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Getting POV right

 

EyesIf there is one thing that I see writers getting wrong when I judge contests, it’s POV or point of view. This one thing can make a huge difference in your story. It is the key component in creating an emotional experience, which is the standard we measure our story by. Getting POV correct makes a huge difference in the emotional experience for your reader.

What is POV?

POV is only what the character whose head you are in can see, feel, think, know, etc. Notice what I said here: the POV character. Depending on the scene and how many POV characters you have, this could be the hero, the love interest, the villain, etc. Whoever it is, this is their scene.

No head hopping

If you use more than one POV per scene, it is called head hopping. When you maintain one POV per scene, it allows the reader to fully get into the character’s skin. If you yank the reader out of that and pop them into another character, it gets confusing. And it breaks the emotional connection we as readers were forming with the POV character.

We can only know in that scene what that POV character knows. No, “Little did she know…” Or “Soon she would find out…” Or “Looking back later, she would realize.” These are signs of omniscience which pulls us into an out of body experience looking down. Not fun unless you’re a ghost.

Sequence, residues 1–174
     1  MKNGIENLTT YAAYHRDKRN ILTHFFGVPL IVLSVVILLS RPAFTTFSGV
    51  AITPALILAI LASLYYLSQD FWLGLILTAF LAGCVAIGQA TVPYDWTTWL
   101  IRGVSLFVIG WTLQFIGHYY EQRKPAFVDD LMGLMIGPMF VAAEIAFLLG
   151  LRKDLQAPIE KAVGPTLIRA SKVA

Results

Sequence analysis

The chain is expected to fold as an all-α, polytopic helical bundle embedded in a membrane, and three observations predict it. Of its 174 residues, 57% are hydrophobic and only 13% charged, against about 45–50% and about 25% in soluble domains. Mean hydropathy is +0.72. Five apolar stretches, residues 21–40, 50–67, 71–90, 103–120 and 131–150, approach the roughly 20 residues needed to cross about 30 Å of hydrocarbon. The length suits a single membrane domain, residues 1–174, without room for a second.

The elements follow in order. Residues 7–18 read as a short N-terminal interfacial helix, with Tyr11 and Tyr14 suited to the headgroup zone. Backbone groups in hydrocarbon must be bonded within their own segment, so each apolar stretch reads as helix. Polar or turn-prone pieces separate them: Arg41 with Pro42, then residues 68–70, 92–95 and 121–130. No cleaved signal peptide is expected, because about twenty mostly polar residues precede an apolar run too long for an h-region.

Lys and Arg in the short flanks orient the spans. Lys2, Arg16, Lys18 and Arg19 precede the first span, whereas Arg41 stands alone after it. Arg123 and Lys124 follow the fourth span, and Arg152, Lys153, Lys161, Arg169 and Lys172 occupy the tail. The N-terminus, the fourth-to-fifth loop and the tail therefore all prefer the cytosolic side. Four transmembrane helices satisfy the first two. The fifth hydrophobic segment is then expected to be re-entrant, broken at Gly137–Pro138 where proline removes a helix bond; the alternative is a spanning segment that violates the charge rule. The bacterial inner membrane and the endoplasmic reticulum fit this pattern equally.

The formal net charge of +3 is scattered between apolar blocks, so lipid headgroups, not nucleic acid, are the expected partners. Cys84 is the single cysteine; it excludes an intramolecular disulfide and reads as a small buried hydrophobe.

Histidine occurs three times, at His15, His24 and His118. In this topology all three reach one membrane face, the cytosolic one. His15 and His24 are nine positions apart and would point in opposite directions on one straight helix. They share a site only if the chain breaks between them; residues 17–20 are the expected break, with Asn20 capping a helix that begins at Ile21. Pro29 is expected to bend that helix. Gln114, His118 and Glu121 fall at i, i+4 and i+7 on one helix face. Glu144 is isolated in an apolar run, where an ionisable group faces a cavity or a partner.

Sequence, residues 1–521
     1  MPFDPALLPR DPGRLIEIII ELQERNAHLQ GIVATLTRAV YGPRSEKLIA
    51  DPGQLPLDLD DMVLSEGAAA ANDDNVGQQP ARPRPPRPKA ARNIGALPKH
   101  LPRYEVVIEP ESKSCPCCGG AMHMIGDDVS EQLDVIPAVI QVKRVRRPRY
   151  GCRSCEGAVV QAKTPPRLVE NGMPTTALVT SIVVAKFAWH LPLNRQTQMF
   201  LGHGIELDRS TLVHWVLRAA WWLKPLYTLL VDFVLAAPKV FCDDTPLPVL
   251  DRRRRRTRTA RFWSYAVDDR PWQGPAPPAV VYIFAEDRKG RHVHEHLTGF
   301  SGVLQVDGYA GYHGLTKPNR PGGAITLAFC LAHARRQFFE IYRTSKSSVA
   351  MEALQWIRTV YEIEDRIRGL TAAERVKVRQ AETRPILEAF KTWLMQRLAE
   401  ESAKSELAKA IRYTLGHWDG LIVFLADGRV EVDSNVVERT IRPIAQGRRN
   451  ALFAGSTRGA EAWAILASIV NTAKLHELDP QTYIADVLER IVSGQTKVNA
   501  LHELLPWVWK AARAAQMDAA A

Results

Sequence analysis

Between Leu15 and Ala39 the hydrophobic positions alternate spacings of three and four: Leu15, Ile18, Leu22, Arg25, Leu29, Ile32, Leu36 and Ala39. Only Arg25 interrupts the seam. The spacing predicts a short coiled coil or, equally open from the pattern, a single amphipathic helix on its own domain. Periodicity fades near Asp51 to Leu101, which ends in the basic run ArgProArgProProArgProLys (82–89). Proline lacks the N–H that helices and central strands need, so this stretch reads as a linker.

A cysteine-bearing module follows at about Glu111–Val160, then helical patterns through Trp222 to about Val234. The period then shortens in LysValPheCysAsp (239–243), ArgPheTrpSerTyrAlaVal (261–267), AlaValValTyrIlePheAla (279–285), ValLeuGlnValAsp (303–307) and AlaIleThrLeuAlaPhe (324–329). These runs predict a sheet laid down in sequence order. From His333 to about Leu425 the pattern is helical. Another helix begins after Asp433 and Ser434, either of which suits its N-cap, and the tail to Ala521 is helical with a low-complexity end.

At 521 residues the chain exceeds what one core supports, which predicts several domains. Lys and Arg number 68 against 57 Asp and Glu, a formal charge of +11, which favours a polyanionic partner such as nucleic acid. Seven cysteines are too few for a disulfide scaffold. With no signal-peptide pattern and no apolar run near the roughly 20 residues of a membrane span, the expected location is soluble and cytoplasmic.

What I find is that because we watch TV and movies, we muddle POV. When you watch a TV show or a movie, they are showing you the person’s face as they talk or react. When the director wants us to know what the heroine is feeling, he shows us her face, actions, and dialogue.

So often I’ll see something like this:

“I cheated on the test.” Mary confessed, wringing her hands. She felt awful about it. How could she make it right?

“I can’t believe that,” Mr. White replied. Mary was his best student. What was the world coming to if his best student cheated?

First we are in Mary’s head. We know this because we hear her internal monologue. Then we are in Mr. White’s head because we hear his interior monologue. This doesn’t let us actually be in either of their skins and denies the reader an emotionally compelling experience.

Instead, it should be written like this:

“I cheated on the test.” Mary confessed, wringing her hands. She felt awful about it. How could she make it right?

“I can’t believe that.” Mr. White shook his head and frowned.

Clearly he was disappointed in her. That made two of them. She was disappointed in herself.

 We stay in Mary’s head the whole time so we can more deeply feel her emotions. The same scene could also be written from Mr. White’s POV depending on the goal of your scene. Additionally, you can write the same scene from different POVs to see which gives the greatest emotional experience and use that scene in your final work.

Writing is very different from video. We need to crawl inside the hero’s skin. When we do that, we don’t see their eyes or their faces.

Apply it

Put yourself in the scene as your character. What are you thinking, feeling? What are you doing with your body? What things are your five senses picking up? Show what it’s like to be that person from deep inside of them, not by showing us from the outside.

Pressing on!

Also posted at Pencildancer.com

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